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Cultural Destruction: A Crime Against Humanity

Last week, the International Criminal Court found Islamic militant Ahmad al-Faqi al-Mahdi guilty of war crimes and sentenced him to nine years in prison. Al-Mahdi now joins the ranks of Jean-Pierre Bemba, Germain Katanga, and Thomas Lubanga Dyilo as one of the only people to be convicted by the International Criminal Court since its inception in 2002. But unlike Bemba, Katanga, and Dyilo, al-Mahdi was not found guilty on the grounds of rape, torture, conscription of child soldiers, or ethnic massacres. Rather, in a groundbreaking case, the ICC ruled that he was guilty of war crimes for intentionally destroying religious buildings and historical monuments during the war in Mali in 2012.

A religious scholar, al-Mahdi was the spiritual adviser of the Ansar Dine group, which attacked nine mausoleums and the ancient door of the Sidi Yahia mosque in Timbuktu when it seized the city along with a coalition of militant factions. As commander of the Hisba, the religious police, al-Mahdi was charged with ordering and overseeing the destruction of the shrines. His trial, the first to rule cultural and religious destruction a war crime, has been touted by many, including the head of UNESCO and the ICC’s Chief Prosecutor, as a groundbreaking advancement in international law and an important precedent in its definition of crimes against humanity. UNESCO has declared the ICC ruling an important step in the international movement “to restore human dignity, self-esteem, and confidence, including global campaigns to teach about cultural diversity and human rights, in order to prevent the danger of radicalization . . . heritage must be at the frontline of peacebuilding, and a central component of our response to the new conflicts of the 21st century.”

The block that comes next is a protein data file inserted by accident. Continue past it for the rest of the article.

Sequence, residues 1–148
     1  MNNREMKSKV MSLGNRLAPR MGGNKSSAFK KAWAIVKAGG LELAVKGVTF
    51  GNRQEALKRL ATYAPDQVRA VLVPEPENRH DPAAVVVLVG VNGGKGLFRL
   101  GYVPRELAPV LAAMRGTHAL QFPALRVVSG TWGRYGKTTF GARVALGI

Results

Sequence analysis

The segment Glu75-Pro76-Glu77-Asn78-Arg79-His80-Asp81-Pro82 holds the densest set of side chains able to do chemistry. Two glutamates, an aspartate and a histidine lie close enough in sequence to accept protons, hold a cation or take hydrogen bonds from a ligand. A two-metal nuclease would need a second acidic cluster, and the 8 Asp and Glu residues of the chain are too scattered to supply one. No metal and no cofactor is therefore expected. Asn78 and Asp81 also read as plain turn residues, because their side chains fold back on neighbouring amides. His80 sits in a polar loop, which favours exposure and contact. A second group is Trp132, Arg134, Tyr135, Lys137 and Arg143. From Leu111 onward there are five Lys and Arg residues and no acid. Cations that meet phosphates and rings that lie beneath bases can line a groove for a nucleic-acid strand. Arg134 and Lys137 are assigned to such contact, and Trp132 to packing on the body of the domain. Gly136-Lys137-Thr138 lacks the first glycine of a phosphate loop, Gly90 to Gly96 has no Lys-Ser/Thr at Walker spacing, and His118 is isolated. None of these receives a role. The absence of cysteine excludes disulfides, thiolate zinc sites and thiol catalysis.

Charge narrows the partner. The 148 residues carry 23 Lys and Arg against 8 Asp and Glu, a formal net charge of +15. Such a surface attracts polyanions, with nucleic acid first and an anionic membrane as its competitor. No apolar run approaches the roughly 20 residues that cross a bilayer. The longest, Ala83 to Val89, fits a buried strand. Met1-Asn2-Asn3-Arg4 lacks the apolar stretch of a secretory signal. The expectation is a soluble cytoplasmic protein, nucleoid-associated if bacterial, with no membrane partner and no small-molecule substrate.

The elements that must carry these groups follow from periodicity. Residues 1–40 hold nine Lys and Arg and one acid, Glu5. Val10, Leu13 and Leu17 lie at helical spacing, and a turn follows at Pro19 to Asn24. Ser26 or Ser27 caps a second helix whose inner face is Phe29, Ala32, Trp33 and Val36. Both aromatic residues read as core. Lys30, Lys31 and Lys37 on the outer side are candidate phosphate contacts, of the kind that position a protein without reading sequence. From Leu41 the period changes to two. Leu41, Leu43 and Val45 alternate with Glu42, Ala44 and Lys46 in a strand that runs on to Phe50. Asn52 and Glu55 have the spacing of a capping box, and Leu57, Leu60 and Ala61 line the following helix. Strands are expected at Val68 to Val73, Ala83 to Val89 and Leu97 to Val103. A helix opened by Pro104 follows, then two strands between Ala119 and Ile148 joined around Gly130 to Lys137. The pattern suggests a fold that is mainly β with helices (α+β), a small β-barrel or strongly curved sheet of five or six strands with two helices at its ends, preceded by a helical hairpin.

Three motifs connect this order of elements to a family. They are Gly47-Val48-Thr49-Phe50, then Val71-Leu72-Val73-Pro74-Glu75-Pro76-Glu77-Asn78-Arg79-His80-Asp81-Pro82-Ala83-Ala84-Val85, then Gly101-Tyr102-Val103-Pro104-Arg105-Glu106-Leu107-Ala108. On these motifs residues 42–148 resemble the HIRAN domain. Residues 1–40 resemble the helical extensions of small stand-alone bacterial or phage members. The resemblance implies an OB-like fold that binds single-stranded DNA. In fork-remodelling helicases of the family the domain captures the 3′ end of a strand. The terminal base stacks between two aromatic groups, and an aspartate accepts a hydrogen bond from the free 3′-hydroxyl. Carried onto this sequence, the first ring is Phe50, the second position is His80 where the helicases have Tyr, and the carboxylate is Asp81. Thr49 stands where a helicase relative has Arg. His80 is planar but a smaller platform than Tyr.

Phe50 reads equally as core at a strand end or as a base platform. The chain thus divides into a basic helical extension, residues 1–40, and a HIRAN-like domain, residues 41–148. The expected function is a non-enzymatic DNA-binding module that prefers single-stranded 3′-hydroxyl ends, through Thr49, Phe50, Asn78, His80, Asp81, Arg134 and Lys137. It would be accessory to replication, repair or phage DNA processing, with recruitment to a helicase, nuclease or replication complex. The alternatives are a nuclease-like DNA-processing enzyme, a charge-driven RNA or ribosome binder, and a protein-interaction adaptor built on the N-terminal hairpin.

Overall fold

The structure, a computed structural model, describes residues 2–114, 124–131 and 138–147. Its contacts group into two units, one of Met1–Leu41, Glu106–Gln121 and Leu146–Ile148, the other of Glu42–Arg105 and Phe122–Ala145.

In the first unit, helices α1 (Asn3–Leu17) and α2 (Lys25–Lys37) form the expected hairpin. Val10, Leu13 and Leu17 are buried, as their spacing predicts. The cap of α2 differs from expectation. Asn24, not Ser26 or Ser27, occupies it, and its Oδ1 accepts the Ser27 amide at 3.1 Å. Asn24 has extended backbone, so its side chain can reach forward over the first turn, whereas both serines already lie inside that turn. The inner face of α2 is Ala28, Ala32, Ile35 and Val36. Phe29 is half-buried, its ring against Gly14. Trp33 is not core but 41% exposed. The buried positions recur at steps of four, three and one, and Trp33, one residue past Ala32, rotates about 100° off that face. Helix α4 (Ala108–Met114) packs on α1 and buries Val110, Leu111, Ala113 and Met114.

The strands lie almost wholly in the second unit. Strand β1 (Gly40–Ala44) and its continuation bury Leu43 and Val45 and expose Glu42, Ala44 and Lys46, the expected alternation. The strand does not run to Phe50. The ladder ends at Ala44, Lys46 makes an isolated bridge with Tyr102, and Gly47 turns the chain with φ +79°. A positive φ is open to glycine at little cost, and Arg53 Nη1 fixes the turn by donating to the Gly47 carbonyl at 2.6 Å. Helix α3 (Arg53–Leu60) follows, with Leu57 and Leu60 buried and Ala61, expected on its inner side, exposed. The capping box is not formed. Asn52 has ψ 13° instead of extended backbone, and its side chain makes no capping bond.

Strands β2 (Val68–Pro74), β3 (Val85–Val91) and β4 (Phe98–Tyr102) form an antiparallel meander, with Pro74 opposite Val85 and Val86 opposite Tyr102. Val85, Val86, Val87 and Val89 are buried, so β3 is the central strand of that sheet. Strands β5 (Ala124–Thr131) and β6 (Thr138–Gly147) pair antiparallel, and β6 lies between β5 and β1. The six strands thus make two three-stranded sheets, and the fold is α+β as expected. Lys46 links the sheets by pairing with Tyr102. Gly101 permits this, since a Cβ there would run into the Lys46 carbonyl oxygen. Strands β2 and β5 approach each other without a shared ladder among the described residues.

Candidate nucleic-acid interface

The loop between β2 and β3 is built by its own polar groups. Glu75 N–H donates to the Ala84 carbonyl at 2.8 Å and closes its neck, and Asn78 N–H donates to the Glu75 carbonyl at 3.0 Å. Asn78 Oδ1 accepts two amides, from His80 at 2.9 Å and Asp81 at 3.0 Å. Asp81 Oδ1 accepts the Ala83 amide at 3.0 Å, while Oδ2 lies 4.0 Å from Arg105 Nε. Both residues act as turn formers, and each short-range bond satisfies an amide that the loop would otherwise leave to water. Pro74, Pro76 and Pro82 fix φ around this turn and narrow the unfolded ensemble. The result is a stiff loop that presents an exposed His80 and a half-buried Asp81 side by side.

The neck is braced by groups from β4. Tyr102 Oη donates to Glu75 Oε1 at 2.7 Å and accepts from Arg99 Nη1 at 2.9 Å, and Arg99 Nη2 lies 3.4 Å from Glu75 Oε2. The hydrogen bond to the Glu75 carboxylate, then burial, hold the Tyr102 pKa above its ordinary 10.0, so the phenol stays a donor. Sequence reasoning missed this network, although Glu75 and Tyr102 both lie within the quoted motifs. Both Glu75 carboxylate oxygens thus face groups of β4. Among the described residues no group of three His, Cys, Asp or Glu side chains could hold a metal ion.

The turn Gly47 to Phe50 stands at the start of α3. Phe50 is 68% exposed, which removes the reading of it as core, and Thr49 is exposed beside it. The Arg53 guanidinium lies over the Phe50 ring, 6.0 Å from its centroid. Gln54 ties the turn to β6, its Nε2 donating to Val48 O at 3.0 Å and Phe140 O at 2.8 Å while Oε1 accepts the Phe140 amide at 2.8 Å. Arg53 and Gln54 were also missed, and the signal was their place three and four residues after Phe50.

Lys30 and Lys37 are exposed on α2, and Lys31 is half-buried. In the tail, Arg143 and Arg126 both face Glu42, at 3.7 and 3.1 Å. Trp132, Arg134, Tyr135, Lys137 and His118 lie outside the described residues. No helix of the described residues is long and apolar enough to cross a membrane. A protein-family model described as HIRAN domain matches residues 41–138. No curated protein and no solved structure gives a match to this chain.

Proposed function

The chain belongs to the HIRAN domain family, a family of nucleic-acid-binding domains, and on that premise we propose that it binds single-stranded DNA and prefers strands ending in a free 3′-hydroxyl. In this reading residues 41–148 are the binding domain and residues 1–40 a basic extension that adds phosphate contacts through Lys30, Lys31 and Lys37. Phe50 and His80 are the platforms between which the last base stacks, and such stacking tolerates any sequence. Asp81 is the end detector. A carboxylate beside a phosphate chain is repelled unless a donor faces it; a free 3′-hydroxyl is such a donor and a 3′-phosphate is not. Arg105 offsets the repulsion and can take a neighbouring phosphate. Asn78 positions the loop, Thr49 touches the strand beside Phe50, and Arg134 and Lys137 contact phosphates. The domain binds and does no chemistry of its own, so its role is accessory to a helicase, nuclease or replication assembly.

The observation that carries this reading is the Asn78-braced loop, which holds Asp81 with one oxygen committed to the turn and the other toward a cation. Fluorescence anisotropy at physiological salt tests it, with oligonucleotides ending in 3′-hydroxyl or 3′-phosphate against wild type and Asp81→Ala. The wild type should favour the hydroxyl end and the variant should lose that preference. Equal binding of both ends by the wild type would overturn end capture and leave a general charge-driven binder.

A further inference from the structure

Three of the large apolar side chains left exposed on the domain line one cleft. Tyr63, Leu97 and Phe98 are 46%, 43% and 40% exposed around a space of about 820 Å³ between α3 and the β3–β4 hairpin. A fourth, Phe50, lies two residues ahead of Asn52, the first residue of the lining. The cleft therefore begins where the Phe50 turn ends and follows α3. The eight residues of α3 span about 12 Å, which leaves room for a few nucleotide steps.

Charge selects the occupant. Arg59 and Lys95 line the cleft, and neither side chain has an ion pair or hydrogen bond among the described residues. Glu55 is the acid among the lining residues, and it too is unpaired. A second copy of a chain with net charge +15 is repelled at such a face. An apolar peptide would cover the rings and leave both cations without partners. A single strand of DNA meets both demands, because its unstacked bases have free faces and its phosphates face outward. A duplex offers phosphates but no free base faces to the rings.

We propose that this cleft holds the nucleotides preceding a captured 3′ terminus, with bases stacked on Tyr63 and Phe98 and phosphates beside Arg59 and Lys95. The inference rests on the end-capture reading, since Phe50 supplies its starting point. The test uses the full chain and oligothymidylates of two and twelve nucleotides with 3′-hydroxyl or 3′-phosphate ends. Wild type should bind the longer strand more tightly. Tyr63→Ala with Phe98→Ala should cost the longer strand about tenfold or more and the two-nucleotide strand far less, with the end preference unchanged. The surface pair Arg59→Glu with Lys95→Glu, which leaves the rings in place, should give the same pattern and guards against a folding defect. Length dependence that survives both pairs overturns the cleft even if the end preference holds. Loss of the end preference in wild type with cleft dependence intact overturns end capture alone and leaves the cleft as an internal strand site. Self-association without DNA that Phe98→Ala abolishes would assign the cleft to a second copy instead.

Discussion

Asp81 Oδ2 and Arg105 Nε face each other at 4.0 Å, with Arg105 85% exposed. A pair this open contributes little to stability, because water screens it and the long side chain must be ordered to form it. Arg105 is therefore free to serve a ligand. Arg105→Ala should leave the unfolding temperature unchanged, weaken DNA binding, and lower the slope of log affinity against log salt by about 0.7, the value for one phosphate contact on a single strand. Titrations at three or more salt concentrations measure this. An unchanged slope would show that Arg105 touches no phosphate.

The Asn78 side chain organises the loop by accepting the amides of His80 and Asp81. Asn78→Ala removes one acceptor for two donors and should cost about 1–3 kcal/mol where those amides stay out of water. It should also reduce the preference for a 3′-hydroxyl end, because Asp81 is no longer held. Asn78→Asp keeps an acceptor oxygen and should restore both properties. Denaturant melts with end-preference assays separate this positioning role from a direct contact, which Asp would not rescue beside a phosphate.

UNESCO’s declaration is reflective of the way we have understood and interpreted recent conflicts. The ICC ruling is representative of a global trend that recognizes the symbolism of attacking cultural heritage sites as a means of waging ideological war and a world that is increasingly more intolerant of such rampage. Richard Goldstone, the first chief prosecutor at the International Criminal Tribunal for the Former Yugoslavia, has said that “the intention in almost every case is to attack the dignity” of the people — such attacks “should be seen as a signal of serious persecution to follow” and as “precursors to crimes against humanity such as ethnic cleansing.”